Brief history of the bicycle (2/2)

The problem with such tall heights was the instability. Thus, it was used for sport rather than as usual way of transport. Manufacturers homogenised the bicycles by standardising the front wheel to the 1.2 m diameter and the rear wheel to 40 cm.

The word bicycle was common in the UK in 1880. The French translated it as bicyclette. The use of rubber tyres instead of wood was introduced by John Boyd Dunlop in 1888 making the rides more comfortable. At the same years, the French brothers Michelin created a removable tyre and so did the Italian Battista Pirelli.

The bicycles weighted between 18 and 20 kg in these years. The brake pads appeared in 1893. The invention which allowed to think the bicycle as a mass vehicle was the chain transmission between chainring and sprocket. This new incorporation was developed by the French Guilment and the British Harry John Lawson in 1879 although its production took place in 1884. In the same era the bicycle with chain transmission and equal wheels appeared thanks to John Kemp Starley. This bike was commonly known as Rover Safety Bicycle. This was the precursor model of the modern bicycle.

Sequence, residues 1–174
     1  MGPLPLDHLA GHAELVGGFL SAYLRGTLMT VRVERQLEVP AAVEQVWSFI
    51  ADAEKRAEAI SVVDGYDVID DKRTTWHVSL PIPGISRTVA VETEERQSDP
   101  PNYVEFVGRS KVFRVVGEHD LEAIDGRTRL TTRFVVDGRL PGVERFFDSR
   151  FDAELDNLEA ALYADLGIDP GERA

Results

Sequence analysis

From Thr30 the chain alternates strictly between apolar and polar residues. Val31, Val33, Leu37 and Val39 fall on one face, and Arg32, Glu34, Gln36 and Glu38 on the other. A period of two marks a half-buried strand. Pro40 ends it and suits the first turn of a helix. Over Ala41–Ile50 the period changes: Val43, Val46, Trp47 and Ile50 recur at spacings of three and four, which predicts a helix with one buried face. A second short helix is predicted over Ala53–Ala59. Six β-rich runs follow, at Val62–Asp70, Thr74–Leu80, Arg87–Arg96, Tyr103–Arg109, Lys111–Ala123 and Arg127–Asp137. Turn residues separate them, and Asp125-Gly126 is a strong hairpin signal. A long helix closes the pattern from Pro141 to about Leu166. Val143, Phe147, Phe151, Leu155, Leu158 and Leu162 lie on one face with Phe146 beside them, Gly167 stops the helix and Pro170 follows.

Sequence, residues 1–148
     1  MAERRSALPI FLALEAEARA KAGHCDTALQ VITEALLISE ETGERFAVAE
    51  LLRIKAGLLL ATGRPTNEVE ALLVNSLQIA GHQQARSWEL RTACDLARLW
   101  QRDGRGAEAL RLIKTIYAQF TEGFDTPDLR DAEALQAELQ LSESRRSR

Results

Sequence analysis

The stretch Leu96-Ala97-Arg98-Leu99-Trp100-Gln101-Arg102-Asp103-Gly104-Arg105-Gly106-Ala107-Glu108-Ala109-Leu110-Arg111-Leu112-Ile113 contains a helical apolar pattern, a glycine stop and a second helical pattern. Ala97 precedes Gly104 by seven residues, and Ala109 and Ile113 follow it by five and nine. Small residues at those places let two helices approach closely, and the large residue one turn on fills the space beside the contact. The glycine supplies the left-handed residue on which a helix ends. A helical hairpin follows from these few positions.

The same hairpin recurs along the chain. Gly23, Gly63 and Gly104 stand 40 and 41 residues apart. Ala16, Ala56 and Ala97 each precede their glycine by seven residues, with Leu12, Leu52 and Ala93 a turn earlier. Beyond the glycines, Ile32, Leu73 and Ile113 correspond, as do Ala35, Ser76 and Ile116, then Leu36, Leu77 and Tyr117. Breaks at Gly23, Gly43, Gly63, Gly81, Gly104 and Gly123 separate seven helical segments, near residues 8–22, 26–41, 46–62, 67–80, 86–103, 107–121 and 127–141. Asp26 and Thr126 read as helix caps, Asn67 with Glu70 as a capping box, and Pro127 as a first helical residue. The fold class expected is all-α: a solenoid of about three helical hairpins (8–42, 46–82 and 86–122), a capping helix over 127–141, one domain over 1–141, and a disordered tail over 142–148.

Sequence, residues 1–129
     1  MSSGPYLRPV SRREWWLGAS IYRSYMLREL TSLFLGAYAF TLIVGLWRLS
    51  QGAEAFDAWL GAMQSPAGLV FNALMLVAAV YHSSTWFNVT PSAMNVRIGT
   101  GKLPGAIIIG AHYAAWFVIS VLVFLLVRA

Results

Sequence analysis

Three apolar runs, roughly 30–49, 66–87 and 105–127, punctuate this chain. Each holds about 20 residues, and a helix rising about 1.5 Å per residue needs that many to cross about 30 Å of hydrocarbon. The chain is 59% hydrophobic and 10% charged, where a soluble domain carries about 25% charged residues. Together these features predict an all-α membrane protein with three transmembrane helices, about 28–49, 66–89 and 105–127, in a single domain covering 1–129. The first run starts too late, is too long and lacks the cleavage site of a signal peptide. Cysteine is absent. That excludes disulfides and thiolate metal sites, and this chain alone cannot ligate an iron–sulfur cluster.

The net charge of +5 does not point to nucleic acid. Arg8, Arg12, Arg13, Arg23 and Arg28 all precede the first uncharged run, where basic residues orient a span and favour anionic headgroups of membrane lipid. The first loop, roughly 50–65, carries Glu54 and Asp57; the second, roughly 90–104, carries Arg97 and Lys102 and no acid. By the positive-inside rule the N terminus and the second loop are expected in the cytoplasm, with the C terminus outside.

The bikes we enjoy nowadays are evolved from the 1885 Rover bicycle. Starley should be considered the father of the modern bikes production as he started it in his company The Rover Company, co-founded with William Sutton, in 1877. They banged them out and it was well accepted in every country. In the XX century, only small improvements have been made to the bicycle such as the gear change or the use of lighter and more resistant materials.

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